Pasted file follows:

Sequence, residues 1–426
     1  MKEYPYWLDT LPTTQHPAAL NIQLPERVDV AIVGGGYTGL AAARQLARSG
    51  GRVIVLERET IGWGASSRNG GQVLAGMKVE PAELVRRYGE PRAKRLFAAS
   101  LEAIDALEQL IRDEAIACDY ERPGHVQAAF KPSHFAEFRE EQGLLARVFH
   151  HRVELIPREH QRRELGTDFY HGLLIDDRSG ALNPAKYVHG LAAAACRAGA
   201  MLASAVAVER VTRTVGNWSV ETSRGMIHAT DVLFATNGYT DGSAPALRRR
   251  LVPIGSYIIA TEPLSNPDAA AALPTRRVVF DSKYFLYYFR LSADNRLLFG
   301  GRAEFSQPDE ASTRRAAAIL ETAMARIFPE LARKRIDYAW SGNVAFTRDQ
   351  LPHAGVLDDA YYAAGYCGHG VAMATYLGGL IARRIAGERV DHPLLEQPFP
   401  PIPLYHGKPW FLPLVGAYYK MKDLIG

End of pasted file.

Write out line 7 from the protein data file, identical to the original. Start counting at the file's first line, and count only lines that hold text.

   251  LVPIGSYIIA TEPLSNPDAA AALPTRRVVF DSKYFLYYFR LSADNRLLFG